Specifications:

Warranty
Three years
SSD Unformatted Capacity
256 GB
Max Sequential Read/Write (using ATTO Disk Benchmark)
Up to 515 MB/s sequential read — 440 MB/s sequential write
Max Random 4k Write (using IOMeter 08)
65K IOPS (4K aligned)
Interface SATA
SATA 6Gb/s
Technology
Supercharged Synchronous NAND
Form Factor
2.5 inch
DRAM Cache Memory
No
Weight
80G
Voltage
5 V ± 5%
Power Consumption (active)
1.4A
Power Consumption (idle/standby/sleep)
0.2A
S.M.A.R.T. Support
Yes
Shock
1500 G
MTBF
1,500,000 hours

 

Features:

Package contents

Technical Specifications

Compatibility

 

 


All information Courtesy of Corsair @ http://www.corsair.com/ssd/performance-pro-series-ssd/performance-pro-series-256gb-ssd-hard-drive.html

Testing:

Testing of hard drives can be done in several different ways – one method involves leaving the drive bare and connecting it as a secondary drive in an existing system. By simultaneously cleaning the drive after each benchmark run-through, this allows you to see its theoretical peaks in performance. However, these results would only represent a best-case scenario – one that you may never see unless operating a bare drive. The second method, which OverclockersClub employs, involves loading the operating system and benchmarking suite onto the test drive itself. This would give performance results that emulate real-world usage more closely. Testing will be completed with the P67-based system listed below, alongside a fresh install of Windows 7 Professional 64-bit that is updated to SP1 and fully patched as of the date of testing. The latest Intel Rapid Storage technology drivers and software have also been installed. All tests are conducted with the drive connected to a native SATA III 6 Gb/s port on the motherboard, in an effort to eliminate any possible bottlenecks with performance.

Testing Setup:

 

Comparison Drives:

Benchmarks:

  1. HD Tune 4.60 Pro
  2. HD Tach
  3. SiSoft Sandra 2012
  4. Crystal Disk Mark
  5. ATTO Disk Benchmark
  6. AS SSD
  7. I/O Meter
  8. PCMark Vantage
  9. Windows Startup / Shutdown

Testing:

HD Tune 4.60 Pro measures disk performance to make comparisons between drives or disk controllers. In the 4.60 Pro version, the user can measure not only drive performance as a whole, but run more precise file and random access benchmarks as well.

Benchmark:

 

 

 

 

 

 

 

 

 

 

 

 

 

 

 

 

 

 

File Benchmark:

 

 

 

 

 

Random Access Benchmark:

 

 

 

In the HD Tune testing, the Marvell-equipped Corsair Performance Pro delivers top-of-the-line performance in the Average Read Speed test. It excels in the Random testing using both the 64K and 1M test scenarios, with higher IOPs performance and average read speeds than the rest of the test drives.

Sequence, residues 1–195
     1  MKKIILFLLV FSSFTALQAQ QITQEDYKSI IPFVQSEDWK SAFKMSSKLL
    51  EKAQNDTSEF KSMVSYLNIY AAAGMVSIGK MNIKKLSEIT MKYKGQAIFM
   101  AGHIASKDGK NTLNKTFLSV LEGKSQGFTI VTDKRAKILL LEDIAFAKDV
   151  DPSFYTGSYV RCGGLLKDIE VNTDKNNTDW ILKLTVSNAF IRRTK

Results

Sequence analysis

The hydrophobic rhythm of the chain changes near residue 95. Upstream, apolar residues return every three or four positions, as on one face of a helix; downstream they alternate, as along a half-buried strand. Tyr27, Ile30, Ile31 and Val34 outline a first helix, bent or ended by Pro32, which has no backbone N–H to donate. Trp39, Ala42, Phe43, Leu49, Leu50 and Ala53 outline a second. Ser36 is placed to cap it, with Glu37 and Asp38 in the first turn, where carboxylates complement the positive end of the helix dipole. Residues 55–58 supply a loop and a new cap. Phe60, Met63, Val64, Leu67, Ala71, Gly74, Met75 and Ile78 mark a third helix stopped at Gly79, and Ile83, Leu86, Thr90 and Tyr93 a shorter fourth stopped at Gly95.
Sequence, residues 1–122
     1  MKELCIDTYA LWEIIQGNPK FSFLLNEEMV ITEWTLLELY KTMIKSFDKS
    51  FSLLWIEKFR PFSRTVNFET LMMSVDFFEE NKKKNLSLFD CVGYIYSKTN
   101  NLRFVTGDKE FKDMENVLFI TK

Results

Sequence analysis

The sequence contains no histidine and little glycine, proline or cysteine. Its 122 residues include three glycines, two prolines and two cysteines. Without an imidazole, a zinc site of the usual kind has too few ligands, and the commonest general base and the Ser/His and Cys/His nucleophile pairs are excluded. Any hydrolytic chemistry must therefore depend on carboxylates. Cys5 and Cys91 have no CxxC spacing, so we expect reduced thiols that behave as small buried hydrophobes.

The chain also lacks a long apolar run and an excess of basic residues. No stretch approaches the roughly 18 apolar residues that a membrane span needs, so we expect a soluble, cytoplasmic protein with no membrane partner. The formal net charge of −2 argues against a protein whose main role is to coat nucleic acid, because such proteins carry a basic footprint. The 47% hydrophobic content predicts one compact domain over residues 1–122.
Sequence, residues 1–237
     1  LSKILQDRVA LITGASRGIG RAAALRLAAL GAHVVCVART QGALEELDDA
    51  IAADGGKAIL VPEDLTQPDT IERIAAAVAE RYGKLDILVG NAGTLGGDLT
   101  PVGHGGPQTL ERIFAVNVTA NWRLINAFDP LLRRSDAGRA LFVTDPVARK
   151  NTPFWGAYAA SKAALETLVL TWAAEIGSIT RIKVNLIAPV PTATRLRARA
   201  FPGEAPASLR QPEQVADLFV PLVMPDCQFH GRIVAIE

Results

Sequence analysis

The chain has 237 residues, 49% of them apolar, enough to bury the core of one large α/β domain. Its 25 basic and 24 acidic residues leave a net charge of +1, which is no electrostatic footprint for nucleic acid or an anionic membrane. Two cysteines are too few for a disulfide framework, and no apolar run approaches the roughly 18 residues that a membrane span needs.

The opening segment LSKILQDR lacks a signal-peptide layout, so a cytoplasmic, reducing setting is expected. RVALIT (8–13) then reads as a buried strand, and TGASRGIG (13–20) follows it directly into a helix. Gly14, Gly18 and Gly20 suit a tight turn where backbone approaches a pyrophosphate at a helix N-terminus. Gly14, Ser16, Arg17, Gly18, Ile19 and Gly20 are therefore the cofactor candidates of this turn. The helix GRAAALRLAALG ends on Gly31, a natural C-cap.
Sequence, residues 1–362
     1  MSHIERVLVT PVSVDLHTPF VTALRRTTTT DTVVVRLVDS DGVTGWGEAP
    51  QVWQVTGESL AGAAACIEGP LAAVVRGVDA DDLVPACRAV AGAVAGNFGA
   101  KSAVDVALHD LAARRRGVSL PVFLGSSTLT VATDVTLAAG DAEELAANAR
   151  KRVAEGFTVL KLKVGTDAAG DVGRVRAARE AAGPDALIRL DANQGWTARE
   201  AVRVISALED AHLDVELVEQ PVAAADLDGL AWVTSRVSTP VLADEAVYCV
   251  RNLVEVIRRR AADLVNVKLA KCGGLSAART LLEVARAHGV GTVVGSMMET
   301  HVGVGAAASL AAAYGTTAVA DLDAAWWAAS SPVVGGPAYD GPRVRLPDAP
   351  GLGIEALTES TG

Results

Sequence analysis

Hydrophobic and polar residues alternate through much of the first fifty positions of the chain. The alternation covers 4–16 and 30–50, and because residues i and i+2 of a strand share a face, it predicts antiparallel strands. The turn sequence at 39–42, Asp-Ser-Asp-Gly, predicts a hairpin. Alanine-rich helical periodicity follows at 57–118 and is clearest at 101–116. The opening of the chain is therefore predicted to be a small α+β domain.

Testing:

HD Tach v3.0.4.0: HD Tach is another hard drive benchmark utility, much like HD Tune. This benchmark measures the average read speed, random access time, and CPU utilization during operation.

 

 

 

 

 

 

 

 

 

 

 

 

 

 

 

 

 

SiSoft Sandra 2011: SiSoft Sandra is a diagnostic utility and synthetic benchmarking program. It allows you to view your hardware at a higher level to be more helpful.

 

 

The Corsair Performance Pro delivers excellent performance in both of these tests. The Average Read results in HD Tach are just short of those delivered by the OCZ Vertex 3. The SiSoft Sandra drive index score is also below that of the Vertex 3, though at or above the level of the remaining comparison drives.

Testing:

Crystal Disk Mark 3.0: Crystal Disk Mark is a hard drive benchmark designed to measure the read and write speeds of drives by using 4K blocks, 512K blocks, and sequential data. For testing, we chose the 1000 MB option.

 

 

 

 

 

 

 

 

 

 

 

 

 

 

 

 

 

 

 

 

The Corsair Performance Pro 256GB drive delivers exceptional performance in the Sequential Write, 512K Write, and 4K QD 32 testing. This really shows how well the drive handles compressed data.

Testing:

Atto Disk Benchmark v2.47: Atto Disk Benchmark is another aged, but good hard drive benchmark utility designed to test read and write speeds for various file sizes.

 

 

 

 

 

 

 

 

 

 

 

 

 

 

 

 

 

 

 

 

In ATTO, the Corsair Performance Pro generally has lower read and write performance throughout the test suite. It does, however, nail its rated performance of up to 515 MB/s read and 440 MB/s writes.

Testing:

AS SSD v1.1.3466.29641: AS SSD is a benchmark specifically designed to test the speed of solid-state drives. However, it also works for traditional hard drives. It is designed to measure the read and write speeds, as well as access times for set block sizes. It also assigns a score to the read, write, and overall performance of the drive.